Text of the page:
By Rashmi Deshpande
As a benefit to exporters, the Merchandise Exports from India Scheme (MEIS) was introduced in the Foreign Trade Policy of India for 2015-20. The intention behind MEIS was to offset infrastructural inefficiencies and associated costs, thereby making India’s products more competitive in the global market. The benefits available under MEIS are in the form of transferrable duty credit scrips which the exporter can use for the payment of Customs duties applicable on imports. Given such significant benefits, MEIS has proved to be crucial in reducing the overall cost involved in exports and has especially been popular among the country’s MSME sector which in the previous financial year accounted for almost half of the country’s exports.
Violating WTO Guidelines
Nevertheless, the response from the international community was not so overwhelming as the USA considered MEIS to be in direct violation of the World Trade Organisation (WTO) Guidelines (WTO Guidelines). As per the WTO Guidelines, for a country to offer export subsidies, its per capita Gross National Income (GNI) could not exceed $1000 for three consecutive years. The USA argued that India became ineligible to offer subsidies in 2017 when it surpassed the above threshold for three consecutive years.
The violation is still debatable, particularly since the Government is confident that the eight-year period of phasing out export subsidies granted to developing countries is applicable to India. However, in the wake of this backlash, the Indian Government may not want to disturb the delicate trade equilibrium.
Almost unanimously regarded as the country’s “engine of growth”, the country’s MSME sector is understandably at the centre of economic policymaking. Any policy revision adversely affecting the MSME sector has the potential to cause economic disruption since it puts to risk almost 63 million businesses. A complete withdrawal of the MEIS in response to international pressure would have placed an additional burden on the MSME sector which is already struggling to counter the reduction in demand due to global economic slowdown. Keeping this in mind, the Government has introduced the Rebate of State & Central Taxes and Levies (RoSCTL) Scheme as an interim measure.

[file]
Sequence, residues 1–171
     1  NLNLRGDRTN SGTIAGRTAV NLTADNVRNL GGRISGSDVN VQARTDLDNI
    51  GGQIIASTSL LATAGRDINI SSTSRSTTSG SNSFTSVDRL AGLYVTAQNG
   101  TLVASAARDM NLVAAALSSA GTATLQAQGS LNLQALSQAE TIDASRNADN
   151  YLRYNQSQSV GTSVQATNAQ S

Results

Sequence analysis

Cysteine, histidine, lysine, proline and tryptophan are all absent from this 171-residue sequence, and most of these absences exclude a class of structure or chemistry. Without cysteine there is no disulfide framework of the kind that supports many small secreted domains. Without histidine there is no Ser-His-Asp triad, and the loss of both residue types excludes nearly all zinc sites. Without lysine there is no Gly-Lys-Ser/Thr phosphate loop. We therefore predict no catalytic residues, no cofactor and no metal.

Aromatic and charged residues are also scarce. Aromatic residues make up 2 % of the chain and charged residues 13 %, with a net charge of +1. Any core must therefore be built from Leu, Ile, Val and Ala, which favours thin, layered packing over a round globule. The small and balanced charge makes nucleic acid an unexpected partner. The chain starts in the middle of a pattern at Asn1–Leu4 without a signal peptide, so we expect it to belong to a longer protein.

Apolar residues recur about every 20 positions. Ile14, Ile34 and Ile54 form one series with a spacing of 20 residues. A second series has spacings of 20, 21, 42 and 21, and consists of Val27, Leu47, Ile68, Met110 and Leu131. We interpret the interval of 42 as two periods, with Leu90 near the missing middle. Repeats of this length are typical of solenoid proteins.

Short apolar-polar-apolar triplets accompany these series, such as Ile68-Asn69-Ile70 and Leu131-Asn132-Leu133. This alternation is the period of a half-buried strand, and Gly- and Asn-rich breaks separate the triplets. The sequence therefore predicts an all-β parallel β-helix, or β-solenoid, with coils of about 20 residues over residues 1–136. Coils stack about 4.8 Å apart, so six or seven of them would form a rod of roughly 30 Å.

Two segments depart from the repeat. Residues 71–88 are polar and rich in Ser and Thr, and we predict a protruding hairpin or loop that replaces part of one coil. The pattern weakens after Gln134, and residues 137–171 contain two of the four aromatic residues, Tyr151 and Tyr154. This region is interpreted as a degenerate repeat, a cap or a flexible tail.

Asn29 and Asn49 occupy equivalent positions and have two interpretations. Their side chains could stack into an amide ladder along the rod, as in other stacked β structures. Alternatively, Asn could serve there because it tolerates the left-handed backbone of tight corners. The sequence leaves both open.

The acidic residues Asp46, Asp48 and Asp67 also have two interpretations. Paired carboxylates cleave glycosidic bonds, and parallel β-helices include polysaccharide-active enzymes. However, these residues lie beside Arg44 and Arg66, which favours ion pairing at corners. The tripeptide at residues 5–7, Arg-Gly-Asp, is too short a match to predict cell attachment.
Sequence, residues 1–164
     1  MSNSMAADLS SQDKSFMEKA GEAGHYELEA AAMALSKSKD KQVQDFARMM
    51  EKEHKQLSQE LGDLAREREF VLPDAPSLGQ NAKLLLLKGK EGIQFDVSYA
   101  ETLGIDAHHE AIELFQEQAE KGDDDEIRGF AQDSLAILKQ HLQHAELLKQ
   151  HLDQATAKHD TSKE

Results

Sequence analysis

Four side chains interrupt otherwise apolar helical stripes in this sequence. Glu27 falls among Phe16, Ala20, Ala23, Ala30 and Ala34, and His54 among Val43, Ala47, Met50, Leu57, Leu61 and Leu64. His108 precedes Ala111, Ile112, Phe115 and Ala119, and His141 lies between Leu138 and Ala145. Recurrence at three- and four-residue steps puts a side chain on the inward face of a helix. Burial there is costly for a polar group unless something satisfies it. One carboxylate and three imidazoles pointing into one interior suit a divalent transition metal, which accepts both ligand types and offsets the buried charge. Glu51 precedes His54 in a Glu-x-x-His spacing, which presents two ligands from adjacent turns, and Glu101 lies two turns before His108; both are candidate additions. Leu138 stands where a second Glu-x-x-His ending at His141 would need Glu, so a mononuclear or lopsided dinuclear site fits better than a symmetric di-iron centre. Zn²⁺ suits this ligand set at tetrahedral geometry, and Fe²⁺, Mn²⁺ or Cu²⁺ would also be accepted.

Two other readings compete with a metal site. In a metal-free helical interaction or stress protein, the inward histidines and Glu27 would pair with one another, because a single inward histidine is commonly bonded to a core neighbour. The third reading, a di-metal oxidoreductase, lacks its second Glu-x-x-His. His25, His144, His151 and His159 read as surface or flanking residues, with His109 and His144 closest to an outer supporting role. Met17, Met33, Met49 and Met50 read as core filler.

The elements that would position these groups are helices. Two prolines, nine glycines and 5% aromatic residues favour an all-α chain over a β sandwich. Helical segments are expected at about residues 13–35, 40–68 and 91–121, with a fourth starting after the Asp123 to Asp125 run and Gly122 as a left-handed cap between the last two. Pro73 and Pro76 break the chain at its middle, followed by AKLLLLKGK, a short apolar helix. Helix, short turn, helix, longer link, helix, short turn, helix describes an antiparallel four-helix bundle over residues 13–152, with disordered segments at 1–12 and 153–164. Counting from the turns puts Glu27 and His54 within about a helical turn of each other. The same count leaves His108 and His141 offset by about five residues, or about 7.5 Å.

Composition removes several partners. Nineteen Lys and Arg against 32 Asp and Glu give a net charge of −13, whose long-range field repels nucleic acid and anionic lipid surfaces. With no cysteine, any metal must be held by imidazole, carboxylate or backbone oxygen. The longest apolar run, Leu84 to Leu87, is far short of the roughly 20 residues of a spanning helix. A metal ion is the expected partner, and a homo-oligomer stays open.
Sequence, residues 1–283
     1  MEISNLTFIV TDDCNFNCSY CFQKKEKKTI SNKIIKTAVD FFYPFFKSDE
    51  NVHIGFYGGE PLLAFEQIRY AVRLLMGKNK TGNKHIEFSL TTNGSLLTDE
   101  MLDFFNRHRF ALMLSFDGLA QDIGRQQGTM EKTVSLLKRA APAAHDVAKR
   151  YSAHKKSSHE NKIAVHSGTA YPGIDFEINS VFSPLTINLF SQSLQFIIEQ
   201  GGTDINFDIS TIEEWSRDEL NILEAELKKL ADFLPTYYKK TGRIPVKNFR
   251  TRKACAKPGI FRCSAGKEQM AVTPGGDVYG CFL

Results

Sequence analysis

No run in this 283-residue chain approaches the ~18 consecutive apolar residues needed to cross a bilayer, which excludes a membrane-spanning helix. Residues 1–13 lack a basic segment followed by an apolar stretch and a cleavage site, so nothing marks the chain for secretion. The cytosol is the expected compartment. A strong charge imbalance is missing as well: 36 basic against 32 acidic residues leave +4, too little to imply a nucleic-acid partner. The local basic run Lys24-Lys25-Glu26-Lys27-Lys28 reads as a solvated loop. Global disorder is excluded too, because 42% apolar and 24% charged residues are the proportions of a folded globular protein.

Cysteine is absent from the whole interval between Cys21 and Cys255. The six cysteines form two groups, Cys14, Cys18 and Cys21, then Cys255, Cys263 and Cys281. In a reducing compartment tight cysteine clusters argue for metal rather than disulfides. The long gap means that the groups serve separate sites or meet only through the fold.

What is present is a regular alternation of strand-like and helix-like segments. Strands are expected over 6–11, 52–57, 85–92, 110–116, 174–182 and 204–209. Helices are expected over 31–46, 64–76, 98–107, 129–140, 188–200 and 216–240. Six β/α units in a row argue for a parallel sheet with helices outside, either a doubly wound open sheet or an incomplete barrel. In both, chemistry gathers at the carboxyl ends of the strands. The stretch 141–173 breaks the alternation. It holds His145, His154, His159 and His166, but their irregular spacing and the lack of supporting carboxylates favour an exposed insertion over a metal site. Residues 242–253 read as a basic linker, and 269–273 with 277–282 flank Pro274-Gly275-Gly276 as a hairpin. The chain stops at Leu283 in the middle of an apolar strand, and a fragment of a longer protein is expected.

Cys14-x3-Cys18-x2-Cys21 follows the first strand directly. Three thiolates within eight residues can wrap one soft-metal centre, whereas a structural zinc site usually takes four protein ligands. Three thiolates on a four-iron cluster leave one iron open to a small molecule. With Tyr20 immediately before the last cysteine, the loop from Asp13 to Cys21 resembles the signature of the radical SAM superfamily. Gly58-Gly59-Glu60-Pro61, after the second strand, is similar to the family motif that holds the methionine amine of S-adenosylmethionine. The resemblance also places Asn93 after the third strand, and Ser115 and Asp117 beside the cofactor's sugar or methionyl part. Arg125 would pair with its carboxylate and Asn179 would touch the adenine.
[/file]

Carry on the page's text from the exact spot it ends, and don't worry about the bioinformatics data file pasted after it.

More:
RoSCTL Scheme for MSMEs
The RoSCTL was introduced in March 2019 with the intent to rebate all embedded State and Central taxes for garments and apparel and is presently available for the textile industry. Currently, the RoSCTL scheme offers transferable duty credit scrips to the exporters in order to offset levies imposed by the Central Government (such as Excise Duty on transportation fuel, Central Goods and Services Tax) and those imposed by the State Governments (such as Mandi Tax, Electricity Duty, Stamp Duty on export documents, State Goods and Services Tax, etc.), in a bid to make exports ‘truly’ duty free. While the benefits of MEIS were largely at a flat rate, the benefits under the RoSCTL are a function of the quantum of Central/State taxes suffered by a particular class of product and are subject to a monetary upper threshold. Since the benefits are aimed at neutralising the tax incidence on procurement and processing, they are expected to be compliant with the WTO Guidelines.
While the jury is still out on the effectiveness of the RoSCTL in the long run, an improved version of this scheme applicable to more sectors based on industry feedback is likely to find a place in India’s Foreign Trade Policy, which is due for revision next year. The reaction of the MSME sector would be tracked closely since they are expected to be the scheme’s largest beneficiaries.
Given the current trade stand-off between the USA and China, India is in an ideal position to gain a foothold in the USA and other significant countries. The coming few months are crucial for MSME exporters as the Government will attempt to align the export incentives with the WTO Guidelines while keeping in mind the objective of fueling the country’s engine of growth.
(Rashmi Deshpande is a Partner at Khaitan & Co. The views of the author(s) in this article are personal and do not constitute legal/professional advice of Khaitan & Co.)